where, P1 and P2 are the input and output powers in the waveguide, αc is the percentage of the conductive loss and αs the percentage of the radiated power off of each slot. For the next turn, the amount of the input power is decreased to P2 hence αs for each slot should be increased so that the total power αsP remains constant. Again the input power in the third turn decreases and the dimension of the slots should be increased.
The one-dimensional array of slots generates a very wide beam in the elevation direction. For many applications ranging from collision avoidance to indoor mapping, this wide beamwidth is not desirable due to the possibility of the interference caused by other targets. In order to confine the beam, we need to provide a long aperture in that direction as well. This can be performed by designing patch arrays which are fed by these slots.
However, there are some problems associated with patch antennas at high frequencies, such as very thin substrates are required in order to suppress the propagation of the surface waves. For example, at 230 GHz, 50 μm glass or 20 μm silicon substrates are only around one tenth of the guiding wavelength and it is almost impossible to handle these very thin substrates. Yet at the same time, they are thicker than what can be spun or deposited specifically for most commonly used low-loss materials (such as spin-on glass which can be spun up to 5 μm). Hence, using a dielectric substrate for the patch array is not desired. Instead, air substrate can be used and the patch array is suspended on a thin layer of dielectric material. With air substrate, no surface waves are excited, bandwidth is improved and the efficiency is highly enhanced.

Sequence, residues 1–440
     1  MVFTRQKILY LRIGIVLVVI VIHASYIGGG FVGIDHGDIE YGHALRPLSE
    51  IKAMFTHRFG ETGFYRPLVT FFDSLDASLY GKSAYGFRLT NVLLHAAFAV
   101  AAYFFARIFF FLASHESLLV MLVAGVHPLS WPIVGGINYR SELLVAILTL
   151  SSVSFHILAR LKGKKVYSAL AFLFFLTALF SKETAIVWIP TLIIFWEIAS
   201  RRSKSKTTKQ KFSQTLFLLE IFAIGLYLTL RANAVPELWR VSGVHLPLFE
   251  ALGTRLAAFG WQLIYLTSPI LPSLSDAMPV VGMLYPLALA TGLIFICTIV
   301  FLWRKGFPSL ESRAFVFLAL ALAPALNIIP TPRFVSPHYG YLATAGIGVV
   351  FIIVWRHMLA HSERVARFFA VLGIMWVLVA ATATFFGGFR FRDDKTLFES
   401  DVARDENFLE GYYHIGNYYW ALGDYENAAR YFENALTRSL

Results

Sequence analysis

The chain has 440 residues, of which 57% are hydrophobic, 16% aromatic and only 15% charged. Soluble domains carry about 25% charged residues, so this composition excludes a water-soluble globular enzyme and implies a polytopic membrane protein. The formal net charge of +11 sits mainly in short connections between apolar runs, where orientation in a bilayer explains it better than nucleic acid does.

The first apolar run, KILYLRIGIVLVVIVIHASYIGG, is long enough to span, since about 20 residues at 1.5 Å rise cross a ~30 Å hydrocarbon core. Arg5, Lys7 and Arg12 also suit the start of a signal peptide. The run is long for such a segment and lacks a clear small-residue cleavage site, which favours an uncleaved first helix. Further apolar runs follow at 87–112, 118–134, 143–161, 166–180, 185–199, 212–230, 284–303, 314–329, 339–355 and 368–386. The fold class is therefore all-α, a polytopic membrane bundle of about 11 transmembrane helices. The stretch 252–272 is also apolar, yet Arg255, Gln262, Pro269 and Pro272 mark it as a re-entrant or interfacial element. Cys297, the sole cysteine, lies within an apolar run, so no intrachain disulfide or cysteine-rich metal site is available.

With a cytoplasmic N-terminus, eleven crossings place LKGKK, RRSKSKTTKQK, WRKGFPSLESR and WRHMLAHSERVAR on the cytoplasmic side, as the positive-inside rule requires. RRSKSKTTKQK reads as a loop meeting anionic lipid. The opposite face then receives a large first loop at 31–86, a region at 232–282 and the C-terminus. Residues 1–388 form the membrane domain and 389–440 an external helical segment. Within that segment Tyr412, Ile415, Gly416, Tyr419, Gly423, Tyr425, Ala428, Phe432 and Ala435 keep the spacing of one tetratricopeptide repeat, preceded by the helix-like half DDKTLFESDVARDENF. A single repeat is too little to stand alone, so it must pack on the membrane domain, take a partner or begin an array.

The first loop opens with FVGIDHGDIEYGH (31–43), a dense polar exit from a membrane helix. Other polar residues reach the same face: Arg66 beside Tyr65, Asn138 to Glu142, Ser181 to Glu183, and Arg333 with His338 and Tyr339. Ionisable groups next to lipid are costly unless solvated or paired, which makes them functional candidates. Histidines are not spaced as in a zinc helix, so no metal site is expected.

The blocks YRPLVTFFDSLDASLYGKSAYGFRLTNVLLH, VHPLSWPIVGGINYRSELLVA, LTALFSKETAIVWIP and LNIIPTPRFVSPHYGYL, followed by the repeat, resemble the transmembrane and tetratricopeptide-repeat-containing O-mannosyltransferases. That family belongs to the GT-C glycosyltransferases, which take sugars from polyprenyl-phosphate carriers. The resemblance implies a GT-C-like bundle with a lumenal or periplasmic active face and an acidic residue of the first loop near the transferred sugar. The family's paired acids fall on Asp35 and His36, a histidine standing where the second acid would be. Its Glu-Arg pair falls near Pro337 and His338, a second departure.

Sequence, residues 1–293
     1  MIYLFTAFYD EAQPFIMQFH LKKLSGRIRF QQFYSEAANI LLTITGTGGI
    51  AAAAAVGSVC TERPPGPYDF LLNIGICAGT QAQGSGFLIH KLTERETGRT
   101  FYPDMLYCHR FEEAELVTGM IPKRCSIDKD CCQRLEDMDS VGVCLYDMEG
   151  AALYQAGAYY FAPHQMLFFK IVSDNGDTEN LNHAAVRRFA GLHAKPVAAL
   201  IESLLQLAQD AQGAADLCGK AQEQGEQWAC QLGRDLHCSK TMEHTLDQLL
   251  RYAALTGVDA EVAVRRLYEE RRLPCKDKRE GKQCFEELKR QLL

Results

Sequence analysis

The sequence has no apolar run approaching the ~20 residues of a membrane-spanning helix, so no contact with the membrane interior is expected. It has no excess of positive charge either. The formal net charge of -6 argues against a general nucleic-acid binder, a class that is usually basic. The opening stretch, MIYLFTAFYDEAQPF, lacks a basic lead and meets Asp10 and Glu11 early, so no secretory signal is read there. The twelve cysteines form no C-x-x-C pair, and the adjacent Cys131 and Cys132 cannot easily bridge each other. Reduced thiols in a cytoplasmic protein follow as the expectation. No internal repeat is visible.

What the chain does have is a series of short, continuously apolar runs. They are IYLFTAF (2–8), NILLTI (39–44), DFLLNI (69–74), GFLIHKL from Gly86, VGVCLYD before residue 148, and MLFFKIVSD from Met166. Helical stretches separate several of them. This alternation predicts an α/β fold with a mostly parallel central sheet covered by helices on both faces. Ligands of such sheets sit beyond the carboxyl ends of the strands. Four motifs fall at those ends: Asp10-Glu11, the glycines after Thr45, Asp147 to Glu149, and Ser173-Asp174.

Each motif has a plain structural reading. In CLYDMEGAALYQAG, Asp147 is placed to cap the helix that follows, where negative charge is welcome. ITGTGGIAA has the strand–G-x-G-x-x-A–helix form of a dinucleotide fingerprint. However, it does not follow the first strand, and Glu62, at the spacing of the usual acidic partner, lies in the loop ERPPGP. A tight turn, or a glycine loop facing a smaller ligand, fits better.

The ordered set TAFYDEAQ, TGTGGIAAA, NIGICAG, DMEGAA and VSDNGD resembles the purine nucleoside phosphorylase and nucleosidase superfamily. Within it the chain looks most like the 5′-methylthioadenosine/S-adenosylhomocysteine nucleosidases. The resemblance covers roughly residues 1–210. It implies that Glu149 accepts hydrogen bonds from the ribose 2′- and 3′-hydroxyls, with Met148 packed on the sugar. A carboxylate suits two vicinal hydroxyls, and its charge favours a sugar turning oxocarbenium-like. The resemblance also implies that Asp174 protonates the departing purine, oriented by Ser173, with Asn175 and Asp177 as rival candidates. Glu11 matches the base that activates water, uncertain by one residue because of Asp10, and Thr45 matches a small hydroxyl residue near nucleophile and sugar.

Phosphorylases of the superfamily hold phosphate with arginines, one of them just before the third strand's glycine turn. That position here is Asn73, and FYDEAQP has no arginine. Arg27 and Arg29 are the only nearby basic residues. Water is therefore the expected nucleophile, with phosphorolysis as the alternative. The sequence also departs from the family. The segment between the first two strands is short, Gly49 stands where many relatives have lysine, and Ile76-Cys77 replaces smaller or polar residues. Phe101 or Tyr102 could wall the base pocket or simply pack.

In general, the design procedure can be organized in two parts: the series-fed patch array and the aperture-coupled patch. The series-fed array consists of patches and high impedance transmission lines. Quarter-wave transmission-line sections can also be used to minimize the return loss. To design a broadside standing wave patch array, all the patches must be in phase so that both the patches and the connecting lines are approximated to be half a guiding wavelength long. To obtain nearly uniform illumination for all the patches, the widths are chosen identical. For maximum radiation, the patch width is approximated as